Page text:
This has surpassed my expectations. I approached this with trepidation, afraid of the heights, the physical challenge. But it is not so bad as I thought. So far, very few sheer precipices. Actually, a fair amount of relatively flat terrain. The scenery is superlative, easily the most amazing I’ve seen, anywhere. Broad green mountain with fissures like walnuts crest out into the clouds, mist rising from them like volcanoes. The mountain before me here is an example. I’m writing by the last evening light, overlooking a neighboring campsite. It’s cold, I’m in my white Peruvian hat. It’s difficult to write.
A moment ago one of the Polish girls in our group could be heard singing “Memories” from her tent, beautifully. Now, just the sounds of scattered conversations, post tea, pre-dinner. Darkness is falling, and it’s getting harder to see well enough to write.
The first day’s trek was pretty easy. I’m feeling no effects of the altitude, having had a few days in Cusco to prepare. A lot of the people on the trip are sucking wind. A pair of Irish girls, fresh off the plane earlier that day, looked to be really struggling. Also in our tour: two Polish families from Chicago, with young pre-teen daughters, clearly very excited to be a part of it all. A group of friends, men and women, of indistinct relation, a single woman from Sweden, a pair of sisters. Everyone seems well-prepared, and well-traveled. We play the role of the couple from New York.
We did a group shot at the trailhead, and then waited for a man to get his donkeys to cross a creek, before we could gain entry. You enter an international sanctuary when you enter the trail, and there is actually passport control at the entrance. Naturally, we all get our passports stamped.
Also, I have to say that these Asolo boots are performing incredibly well.
Things I don’t want to forget: Jose’s lecture at the second waypoint, describing the history of the Inca. The “Incan Alexander the Great” — Pachacutec.
A few other notes I made but can’t make out:
* 9 Incas
* 1500’s, height of the Empire
* My walking stick, which I named “Pepe”
* Climbing the stairs
* The Sound of Music
Day 1 concludes with me racing one of the men from the group to the campsite. It is a race up the huge stone slabs that make up the stairs that undergird so much of the trail. Rarely is the trail flat, indeed the “Inca Staircase” might be more appropriate so far. So our race is a series of 2- and 3-foot leaps upward from stair to stair. We tie.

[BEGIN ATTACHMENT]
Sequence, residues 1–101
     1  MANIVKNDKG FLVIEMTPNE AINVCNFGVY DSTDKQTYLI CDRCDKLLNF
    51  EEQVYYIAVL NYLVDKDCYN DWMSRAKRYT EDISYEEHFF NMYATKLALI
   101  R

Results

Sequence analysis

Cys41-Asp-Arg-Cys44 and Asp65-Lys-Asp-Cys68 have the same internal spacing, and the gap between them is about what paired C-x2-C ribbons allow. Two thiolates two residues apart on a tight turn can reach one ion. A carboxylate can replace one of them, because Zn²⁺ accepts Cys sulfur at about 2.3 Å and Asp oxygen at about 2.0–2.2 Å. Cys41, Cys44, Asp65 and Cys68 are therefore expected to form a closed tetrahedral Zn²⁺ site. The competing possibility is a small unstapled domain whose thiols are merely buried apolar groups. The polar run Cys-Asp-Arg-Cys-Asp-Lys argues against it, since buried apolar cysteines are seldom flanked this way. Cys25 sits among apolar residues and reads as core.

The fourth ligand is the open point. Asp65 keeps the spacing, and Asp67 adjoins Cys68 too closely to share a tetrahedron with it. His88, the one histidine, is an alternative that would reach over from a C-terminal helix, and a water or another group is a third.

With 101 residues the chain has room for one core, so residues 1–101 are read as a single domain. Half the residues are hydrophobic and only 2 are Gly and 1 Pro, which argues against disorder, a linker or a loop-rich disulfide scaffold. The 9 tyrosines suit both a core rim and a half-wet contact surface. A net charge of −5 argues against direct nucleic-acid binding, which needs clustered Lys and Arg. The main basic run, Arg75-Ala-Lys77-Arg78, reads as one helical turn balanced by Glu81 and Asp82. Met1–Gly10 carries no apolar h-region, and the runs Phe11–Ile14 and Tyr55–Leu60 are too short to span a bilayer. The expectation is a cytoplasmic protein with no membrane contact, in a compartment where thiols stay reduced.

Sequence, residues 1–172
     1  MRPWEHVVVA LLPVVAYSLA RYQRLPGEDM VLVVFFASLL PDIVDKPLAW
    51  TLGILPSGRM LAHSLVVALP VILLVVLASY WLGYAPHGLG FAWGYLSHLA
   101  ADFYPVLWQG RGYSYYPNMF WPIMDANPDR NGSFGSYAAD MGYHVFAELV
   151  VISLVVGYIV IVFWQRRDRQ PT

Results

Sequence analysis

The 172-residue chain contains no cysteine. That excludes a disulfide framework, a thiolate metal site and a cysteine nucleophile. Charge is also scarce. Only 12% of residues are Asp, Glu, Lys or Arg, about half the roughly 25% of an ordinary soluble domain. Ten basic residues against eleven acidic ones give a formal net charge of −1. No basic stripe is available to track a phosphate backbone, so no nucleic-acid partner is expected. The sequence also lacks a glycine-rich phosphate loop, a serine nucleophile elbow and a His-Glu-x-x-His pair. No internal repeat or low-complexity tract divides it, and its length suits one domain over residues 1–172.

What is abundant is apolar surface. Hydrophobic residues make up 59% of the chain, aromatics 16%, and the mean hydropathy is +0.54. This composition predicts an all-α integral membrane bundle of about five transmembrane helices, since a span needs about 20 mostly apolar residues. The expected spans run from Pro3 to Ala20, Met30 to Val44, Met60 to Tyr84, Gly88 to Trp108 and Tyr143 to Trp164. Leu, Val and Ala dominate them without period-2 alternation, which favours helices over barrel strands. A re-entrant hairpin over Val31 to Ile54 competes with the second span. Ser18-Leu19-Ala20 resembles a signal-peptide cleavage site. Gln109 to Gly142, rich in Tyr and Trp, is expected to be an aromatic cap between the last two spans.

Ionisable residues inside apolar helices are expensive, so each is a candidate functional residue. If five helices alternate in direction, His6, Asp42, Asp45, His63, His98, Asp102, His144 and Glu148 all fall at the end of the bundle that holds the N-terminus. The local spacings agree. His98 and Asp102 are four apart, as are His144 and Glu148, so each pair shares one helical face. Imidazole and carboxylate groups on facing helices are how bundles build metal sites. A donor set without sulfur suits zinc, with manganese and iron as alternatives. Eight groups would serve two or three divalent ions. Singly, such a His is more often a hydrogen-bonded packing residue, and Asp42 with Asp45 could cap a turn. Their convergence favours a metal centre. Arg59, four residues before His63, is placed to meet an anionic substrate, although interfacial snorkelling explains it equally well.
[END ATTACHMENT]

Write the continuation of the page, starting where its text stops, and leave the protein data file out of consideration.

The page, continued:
Juan, our guide, later tells us the story of a guy he raced on a brief portion of the trail.
“I won, of course, said Juan. But I shouldn’t have done it. Still, he looked in such good shape, I thought he could handle it. A real athletic guy.”
“What happened,” we asked.
“After the race, he started to turn purple,” said Juan. We had to get him taken off of the mountain. He almost died.” He pointed to his head. “Cerebral edema.” Brain swelling.
So, important safety tip. No more races.
The campsite is a dramatic mountain valley, wide bright grass fields settled between twin mountain peaks surrounding us. I could not make a more serene setting if we were in a movie. The scene is completed by a creek that pools at the edge of a foggy cliff.
As if that weren’t enough, two wild Llamas, obviously on the payroll of the Peruvian Board of Tourism graze pacifically in the distant field, dramatic peaks rising behind them.
We all sleep well.
Its was very foggy outside, and it rained — hard — throughout the night and morning.
I awoke to find the two llamas, maybe Alpacas, quietly eating from a bush just steps away from where we had pitched our tent. They were dirty, with mottled brown and white fur and sneering expressions on their lips. Crawling quietly past, I wandered the campsite, ate crackers, brushed my teeth, and waited for others to have breakfast. The mornings are as cold as the evenings, almost.
I should mention. Last night night we had a bit of a minor crisis at the site.
First, a bit of background: historically, there have been a number of different ways to tackle the trail, by oneself or with a group and guide. At the time of our trip, the law was such that solo trips were no longer permitted. This was a government response that followed a series of tourist robberies and issues with overcrowding of campsites.
To promote safety and effective traffic and trail management, all groups now would require guides, and it was encouraged that visitors hire bearers — called porteros — to carry their equipment. Our group was followed by several porteros, eight to 11 skinny men from the local Indian groups. None spoke English, and just a few even spoke Spanish. None were formally schooled in any way and there was a clear, unsubtle hierarchical difference between the porteros and the guides. So while the macho in me wanted to carry all of my own stuff, the discretionary part of valor also realized that I could carry more equipment this way, and could frankly afford to contribute to the local economy a little more freely. Furthermore, as part of a group, there were group supplies that needed to be carried, dining tents, cooking stoves, etc.